M. K. Theodoratus, Fantasy Writer, blogs about the books she reads--mostly fantasy and mystery authors whose books catch her eye and keep her interest. Nothing so formal as a book review, just chats about what she liked. Theodoratus also mutters about her own writing progress or ... lack of it.


Sunday, June 17, 2012

Avoiding Cliches: Some Writing Crutches to Build Your Story Line

Cliches are the bane of a writer's existence. They things pop up in the words we use. They undermine the characters we build.  The darn things even undermine our story lines, because you structure your stories like so many other writers have done. So the question: how to avoid cliches. Here are a couple links that struck me as helpful.

What can be more cliche than a private eye? We can't all come up with a Harry Dresden, but we can give our private eye ... something different to investigate.  Reed Farrel Coleman blogged on Ten Reasons to Hire a Private Eye at the Writing PIs.  Once your main or secondary character is chin deep in the investigation, you can throw odd ball complications at her/him. It's the "odd ball" that gives your story its freshness.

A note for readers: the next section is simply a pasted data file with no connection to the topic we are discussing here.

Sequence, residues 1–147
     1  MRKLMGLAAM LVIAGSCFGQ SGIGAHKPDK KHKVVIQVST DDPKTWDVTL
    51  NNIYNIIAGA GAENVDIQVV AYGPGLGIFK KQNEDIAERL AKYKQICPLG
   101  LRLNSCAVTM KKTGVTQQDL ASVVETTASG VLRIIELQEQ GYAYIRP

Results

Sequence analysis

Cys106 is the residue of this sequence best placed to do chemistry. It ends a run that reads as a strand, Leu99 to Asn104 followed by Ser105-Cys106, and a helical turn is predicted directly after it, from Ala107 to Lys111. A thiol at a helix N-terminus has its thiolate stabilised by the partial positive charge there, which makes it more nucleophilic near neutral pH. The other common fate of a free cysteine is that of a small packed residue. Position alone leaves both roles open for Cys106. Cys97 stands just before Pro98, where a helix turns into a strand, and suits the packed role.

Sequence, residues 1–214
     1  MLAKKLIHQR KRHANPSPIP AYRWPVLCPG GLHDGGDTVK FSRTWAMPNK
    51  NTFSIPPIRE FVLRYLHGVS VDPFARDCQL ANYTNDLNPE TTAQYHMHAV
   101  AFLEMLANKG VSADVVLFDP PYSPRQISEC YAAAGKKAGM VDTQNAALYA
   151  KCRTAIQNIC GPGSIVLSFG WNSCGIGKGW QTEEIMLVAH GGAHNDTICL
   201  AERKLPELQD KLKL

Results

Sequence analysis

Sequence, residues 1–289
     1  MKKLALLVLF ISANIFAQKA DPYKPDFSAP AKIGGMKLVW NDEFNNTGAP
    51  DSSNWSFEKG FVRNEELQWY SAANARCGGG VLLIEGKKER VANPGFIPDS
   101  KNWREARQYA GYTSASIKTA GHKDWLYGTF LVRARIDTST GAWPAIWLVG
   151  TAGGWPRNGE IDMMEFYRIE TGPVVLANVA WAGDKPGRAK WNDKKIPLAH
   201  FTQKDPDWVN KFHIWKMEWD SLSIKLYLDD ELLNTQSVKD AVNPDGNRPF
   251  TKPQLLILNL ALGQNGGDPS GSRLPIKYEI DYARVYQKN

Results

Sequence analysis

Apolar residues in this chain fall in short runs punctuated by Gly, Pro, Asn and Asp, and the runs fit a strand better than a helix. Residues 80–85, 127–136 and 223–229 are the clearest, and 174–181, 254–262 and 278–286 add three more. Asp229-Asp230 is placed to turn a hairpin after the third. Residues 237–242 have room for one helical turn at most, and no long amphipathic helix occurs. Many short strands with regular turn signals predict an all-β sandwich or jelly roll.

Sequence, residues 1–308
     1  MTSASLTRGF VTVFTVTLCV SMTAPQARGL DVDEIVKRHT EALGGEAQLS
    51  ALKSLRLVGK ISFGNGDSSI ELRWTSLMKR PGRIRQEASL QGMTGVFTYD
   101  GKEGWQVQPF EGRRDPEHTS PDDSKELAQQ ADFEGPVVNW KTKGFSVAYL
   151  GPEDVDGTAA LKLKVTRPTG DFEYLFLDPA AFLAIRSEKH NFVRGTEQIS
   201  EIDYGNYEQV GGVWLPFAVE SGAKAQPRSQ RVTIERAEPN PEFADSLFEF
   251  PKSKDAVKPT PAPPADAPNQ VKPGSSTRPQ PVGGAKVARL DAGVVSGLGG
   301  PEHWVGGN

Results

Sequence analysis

Another way to avoid cliches is choosing a setting that is uniquely yours. We all have places we know better than most people.  We know the possibilities for danger that are unique to that place and its hidden beauties. When we weave them into our stories, we create a sense of freshness.  MaryLu Tyndall did a guest blog on Rachelle Gardner's blog that gives you some hints on different ways to weave a settings into your stories ... until the setting becomes a character in its own right

I would have had another set of good hints, but the blog had all sorts of dire warnings about lifting info from it that I decided not to link to it. Which maybe reminds us, we should think twice about what we put in our blogs. Basic question you should ask yourself: Do you mind complete strangers knowing about what you write?

And then, there are my snarly elves. I've gotten the revisions done for two-thirds of "For the Price of a Pig". At least, I think I tied up the loose ends. I even have the last third of the story outlined in my rough fashion.  -- Mainly writing down some suggestions actions that might take place. Of course, everything is subject to change. 

At least, I've worked the black tailed pig into the ending of the story. My daughter still won't like it because she thinks the pig should be magical. I think she spent too much time in Wales.

Now, I get to resolve the story line ... and introduce the love interest ... only I can't decide which guy it'll be.  --  That doesn't mean I'm done. It still has to be critiqued and rewritten, yet again.

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